Looking closely at our small actions can help us move closer to who we want to be.
Have you ever walked into Starbucks, entered an airport waiting area, or boarded a public vehicle, sat down, and spread out your belongings to discourage someone from sitting next to you? Most of us have done this at one point or another, not because we are antisocial but because we sometimes just want to be left alone. We know we’re placing a hurdle in front of anyone wishing to use the space, but if someone really wants it, the person will ask us, politely or not, to move, and we will fulfill our duty to make it available. What’s wrong with that?
But here’s the question: Why put someone through that? Isn’t it just good manners to act a little more invitingly? Manners strike many as archaic social conventions, as alien to modern-day social freedoms as reasonable expectation is to duty. But if you think this way, you’re falling for the illusion of inconsequence. Just recall how angry, wronged, or hurt you’ve felt when total strangers dash your expectations of respectful behavior. If at least a portion of those reactions are reasonable, it tends to prove that even strangers have duties to one another. We’re going to call this the duty of civility.
Imagine a world without civility! Actually, we don’t have to imagine it. We experience such a world every day: not just common tactlessness like expressing extreme political views at a dinner party, forgetting to turn your cell phone off at a concert, or indulging in road rage, but premeditated and serious acts like politicians conducting demeaning political campaigns, companies outsourcing customer service to robotic English speakers overseas, airlines letting people linger for hours without accurate information about delays, product sponsors bombarding us with obnoxious commercials, and so forth.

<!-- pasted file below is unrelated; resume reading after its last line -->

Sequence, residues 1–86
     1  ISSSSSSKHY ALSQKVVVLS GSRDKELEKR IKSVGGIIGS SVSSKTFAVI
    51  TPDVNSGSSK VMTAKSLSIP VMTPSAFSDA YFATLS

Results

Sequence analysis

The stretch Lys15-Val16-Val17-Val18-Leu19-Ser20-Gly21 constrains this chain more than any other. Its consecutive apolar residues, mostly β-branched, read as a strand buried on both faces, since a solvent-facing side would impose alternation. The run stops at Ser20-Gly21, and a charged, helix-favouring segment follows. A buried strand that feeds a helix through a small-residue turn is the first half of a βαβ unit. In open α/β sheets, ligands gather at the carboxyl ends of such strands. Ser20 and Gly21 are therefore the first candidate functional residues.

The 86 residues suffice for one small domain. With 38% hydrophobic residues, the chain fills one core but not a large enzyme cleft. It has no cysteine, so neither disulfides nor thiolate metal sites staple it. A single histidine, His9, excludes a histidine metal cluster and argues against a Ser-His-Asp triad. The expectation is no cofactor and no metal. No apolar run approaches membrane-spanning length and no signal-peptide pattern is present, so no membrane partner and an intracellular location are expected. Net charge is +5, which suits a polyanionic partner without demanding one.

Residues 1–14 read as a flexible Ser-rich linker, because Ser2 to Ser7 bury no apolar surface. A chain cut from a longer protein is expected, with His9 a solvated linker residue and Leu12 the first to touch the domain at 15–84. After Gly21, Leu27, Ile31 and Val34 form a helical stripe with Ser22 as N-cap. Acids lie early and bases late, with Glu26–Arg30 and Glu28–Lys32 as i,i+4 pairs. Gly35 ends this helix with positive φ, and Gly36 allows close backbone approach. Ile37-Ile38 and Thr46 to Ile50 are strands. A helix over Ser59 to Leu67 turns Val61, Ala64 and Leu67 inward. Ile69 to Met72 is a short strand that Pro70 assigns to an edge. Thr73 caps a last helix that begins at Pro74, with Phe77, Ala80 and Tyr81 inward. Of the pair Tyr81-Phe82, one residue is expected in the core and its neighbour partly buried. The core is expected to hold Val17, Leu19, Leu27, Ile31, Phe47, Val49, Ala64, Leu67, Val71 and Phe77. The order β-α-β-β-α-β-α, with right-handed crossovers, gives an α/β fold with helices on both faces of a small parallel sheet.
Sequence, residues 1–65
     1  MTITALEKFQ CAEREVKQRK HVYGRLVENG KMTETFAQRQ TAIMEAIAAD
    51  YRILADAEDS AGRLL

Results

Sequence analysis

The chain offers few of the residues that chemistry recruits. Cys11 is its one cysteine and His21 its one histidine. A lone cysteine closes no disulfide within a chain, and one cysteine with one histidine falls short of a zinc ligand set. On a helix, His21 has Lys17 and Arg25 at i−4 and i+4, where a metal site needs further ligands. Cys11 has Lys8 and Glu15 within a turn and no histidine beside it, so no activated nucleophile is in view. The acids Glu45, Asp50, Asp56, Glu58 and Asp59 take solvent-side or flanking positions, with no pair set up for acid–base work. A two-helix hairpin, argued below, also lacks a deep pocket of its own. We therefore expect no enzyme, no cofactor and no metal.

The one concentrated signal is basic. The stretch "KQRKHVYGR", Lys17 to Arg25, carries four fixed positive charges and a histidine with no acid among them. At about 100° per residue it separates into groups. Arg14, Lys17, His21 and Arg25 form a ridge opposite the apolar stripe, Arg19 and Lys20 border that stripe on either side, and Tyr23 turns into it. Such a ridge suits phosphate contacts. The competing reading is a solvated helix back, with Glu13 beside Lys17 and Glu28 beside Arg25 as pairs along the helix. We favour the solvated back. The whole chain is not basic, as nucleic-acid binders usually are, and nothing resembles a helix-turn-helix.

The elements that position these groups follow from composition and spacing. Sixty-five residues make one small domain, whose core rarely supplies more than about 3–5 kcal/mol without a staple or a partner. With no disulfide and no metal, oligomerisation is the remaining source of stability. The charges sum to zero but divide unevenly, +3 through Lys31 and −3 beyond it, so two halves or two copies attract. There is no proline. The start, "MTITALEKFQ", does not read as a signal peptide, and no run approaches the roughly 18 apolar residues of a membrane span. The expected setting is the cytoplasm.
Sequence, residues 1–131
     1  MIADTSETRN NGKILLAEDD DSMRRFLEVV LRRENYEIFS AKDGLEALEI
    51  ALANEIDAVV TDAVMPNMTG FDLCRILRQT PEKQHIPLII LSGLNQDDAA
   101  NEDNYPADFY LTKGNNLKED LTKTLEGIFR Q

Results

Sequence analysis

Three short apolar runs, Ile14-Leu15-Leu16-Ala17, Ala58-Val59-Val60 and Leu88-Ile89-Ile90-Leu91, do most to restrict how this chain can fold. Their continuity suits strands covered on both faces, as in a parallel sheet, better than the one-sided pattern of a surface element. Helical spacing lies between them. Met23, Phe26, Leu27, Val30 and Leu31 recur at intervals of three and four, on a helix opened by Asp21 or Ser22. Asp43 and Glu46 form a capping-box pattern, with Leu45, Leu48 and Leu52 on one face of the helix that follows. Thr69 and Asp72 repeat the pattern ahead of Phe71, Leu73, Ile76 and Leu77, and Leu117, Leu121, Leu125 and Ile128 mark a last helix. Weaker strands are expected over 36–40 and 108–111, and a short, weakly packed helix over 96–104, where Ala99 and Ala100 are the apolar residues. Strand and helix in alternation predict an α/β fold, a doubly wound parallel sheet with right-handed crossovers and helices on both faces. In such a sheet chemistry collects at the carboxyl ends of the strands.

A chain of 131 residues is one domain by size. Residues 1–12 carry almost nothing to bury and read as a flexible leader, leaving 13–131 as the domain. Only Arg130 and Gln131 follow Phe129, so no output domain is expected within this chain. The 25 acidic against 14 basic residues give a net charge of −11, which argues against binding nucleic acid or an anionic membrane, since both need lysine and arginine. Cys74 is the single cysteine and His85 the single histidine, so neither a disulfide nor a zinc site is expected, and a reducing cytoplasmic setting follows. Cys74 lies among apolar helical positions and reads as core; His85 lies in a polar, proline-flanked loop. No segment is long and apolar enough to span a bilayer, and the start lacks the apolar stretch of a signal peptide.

The reason these things seem outrageous is that we have reasonable expectations of other people to act civilly. The expectation is based on an implied promise by each of us to interact with others in a way that promotes, rather than undermines, mutual well-being. Civility is a duty because it arises from that reasonable expectation, even of strangers.
Spreading your belongings across a table at Starbucks is not simply an expression of a private wish to be alone; it’s an act calculated to deter others from coming near you. Ask yourself, “Is this an act to assure my safety, or to display my aversion to others?” A woman sitting in a bar, knowing from experience that a protective space can shield her from unwanted attention, is a lot different from you making it difficult for someone else to use an available seat because you just don’t want someone near you. If it’s the latter, then you might as well put up a sign saying, Stop. Don’t sit down. I don’t want to deal with you. Chances are, if you look at things this way, the breach of the duty of civility will no longer appear so small.
Adapted from The Law of Small Things: Creating Habits of Integrity in a World of Mistrust, by Stuart H. Brody. Published by Berrett-Koehler Publishers.